Chinese Art UK – Snap up a Masterpiece

The art world can be a fickle place. If you are looking for a great return on an investment, just how do you spot the next masterpiece?

Honestly? I haven`t a clue….

Fortunately, I know of a dealer that has that rare talent of spotting a work of art, before anyone else does. His name is Michael Goedhuis .

Michael Goedhuis was one of the first western dealers to enter the Chinese contemporary market. He identified artists previously unknown to the West such as Zhang Xiaogang,

Goedhuis spotted one of Zhang Xiaogang key works in the Estella collection which subsequently sold for $6million when the collection was offered at auction in 2008.

Yes, he knows his onions.


Liu Kuo-sung (b. 1932) Full Moon 2008 Ink and color on paper 39.17 x 72.56 in (99.5 x 184.3 cm)

Now, Goedhuis has put together an exhibition of New Ink Painting from China. Ten carefully selected artists will exhibit a total of 30 pieces.

This collection of contemporary ink paintings is the first comprehensive display of Chinese New Ink Painting ever held in Britain and will take place at 16 Bloomfield Terrace, London SW1W 8PG.

The exhibition coincides with the internationally celebrated event `Asian Art in London` (4-13 November 2010), the exhibition will run from Friday, 5 November to 3 December 2010.

The ten ground breaking artists range from internationally recognized Liu Kuo-sung to the new generation of the avant-garde, Qin Feng, will each exhibit three works. New Ink Painting is the genre poised to be China`s choice for the modern pictorial expression of Chinese civilization and as such is a must for collectors interested in this area.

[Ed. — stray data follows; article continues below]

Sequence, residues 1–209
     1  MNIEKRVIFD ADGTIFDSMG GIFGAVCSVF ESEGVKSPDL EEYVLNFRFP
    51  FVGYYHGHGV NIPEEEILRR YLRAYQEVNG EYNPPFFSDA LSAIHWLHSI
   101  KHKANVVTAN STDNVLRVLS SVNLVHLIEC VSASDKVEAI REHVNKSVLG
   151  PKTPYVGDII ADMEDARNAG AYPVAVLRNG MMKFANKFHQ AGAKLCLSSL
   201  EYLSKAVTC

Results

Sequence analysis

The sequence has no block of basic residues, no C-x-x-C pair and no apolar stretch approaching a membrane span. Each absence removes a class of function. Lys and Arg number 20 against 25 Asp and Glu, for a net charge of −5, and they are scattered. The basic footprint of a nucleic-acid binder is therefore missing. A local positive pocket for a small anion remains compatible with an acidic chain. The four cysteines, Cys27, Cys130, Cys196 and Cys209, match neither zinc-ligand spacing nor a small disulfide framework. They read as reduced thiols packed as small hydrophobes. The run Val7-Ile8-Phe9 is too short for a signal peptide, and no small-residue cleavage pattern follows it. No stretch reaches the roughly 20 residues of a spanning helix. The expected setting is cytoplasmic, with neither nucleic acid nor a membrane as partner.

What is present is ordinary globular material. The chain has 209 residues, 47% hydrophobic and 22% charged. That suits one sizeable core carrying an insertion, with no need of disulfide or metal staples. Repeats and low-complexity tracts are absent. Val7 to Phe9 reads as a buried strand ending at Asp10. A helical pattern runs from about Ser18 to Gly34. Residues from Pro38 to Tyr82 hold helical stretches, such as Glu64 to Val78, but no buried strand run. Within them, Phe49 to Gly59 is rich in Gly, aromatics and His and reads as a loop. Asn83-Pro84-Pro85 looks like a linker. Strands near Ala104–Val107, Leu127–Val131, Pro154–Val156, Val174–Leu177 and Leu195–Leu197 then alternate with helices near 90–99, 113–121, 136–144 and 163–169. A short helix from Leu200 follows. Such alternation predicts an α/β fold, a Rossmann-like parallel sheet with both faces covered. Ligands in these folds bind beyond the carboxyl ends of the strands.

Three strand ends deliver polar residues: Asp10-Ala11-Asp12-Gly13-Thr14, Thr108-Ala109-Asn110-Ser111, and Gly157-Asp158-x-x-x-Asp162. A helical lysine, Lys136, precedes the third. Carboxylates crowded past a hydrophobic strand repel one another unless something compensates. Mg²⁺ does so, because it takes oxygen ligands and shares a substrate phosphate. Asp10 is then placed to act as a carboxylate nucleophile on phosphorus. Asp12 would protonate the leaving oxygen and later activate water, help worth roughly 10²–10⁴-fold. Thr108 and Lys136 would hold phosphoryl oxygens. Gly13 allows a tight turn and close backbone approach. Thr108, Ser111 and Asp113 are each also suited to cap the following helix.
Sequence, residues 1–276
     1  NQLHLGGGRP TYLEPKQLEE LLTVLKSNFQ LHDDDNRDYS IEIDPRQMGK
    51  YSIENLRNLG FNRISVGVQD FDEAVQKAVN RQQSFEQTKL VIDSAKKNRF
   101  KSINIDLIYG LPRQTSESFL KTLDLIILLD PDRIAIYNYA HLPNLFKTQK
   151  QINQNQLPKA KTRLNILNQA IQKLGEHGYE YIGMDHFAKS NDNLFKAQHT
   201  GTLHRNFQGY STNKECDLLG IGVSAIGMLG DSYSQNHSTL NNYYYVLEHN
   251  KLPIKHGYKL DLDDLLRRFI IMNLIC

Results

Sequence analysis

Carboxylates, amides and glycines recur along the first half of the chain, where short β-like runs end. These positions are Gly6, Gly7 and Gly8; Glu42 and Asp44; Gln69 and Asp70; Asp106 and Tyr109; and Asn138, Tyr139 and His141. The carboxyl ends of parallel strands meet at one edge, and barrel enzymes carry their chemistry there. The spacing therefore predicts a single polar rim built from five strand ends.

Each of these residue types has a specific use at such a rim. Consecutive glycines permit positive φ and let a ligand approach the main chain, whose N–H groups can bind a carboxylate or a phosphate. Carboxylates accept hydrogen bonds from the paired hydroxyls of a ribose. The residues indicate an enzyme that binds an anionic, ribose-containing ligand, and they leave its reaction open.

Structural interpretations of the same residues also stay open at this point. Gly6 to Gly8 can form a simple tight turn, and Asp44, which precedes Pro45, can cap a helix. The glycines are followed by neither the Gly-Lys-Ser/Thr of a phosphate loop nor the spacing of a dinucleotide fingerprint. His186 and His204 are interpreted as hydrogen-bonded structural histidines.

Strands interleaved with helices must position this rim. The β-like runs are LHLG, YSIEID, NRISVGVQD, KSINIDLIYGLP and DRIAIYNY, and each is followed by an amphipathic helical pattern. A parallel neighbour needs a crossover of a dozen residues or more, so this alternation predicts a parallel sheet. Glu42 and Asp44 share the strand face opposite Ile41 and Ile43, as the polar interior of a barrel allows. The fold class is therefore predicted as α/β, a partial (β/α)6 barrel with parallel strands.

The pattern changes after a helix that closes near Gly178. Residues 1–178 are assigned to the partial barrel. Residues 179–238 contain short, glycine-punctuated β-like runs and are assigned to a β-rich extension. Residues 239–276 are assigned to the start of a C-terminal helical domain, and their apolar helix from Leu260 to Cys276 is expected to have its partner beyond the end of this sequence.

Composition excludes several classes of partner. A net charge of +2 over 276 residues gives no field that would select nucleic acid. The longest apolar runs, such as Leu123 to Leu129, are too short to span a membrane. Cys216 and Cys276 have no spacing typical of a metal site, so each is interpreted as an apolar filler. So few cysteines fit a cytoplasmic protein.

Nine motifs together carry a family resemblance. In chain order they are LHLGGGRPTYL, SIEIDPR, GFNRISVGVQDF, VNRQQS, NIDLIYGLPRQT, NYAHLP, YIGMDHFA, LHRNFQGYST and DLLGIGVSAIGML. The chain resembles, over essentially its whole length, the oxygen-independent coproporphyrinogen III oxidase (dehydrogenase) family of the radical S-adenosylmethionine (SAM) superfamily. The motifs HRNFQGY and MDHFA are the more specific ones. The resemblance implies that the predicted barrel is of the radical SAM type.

Prices range from $25,000 – $150,000.


Yao Jui-chung (b. 1969) Honeymoon: Love River, 2010 Hand made paper, ink with gold leaf 27.56 x 39.37 in (70 x 100 cm)

`The New Ink Painting is perhaps the boldest pictorial experiment in contemporary Chinese culture. Artists trained rigorously in the traditional brush and ink on paper painting tradition, which is still considered the foundation stone of Chinese civilization, have, in the past few years, broken away from the classical canon and are making works which are meaningful for and relevant to society in modern China`, comments Michael Goedhuis.

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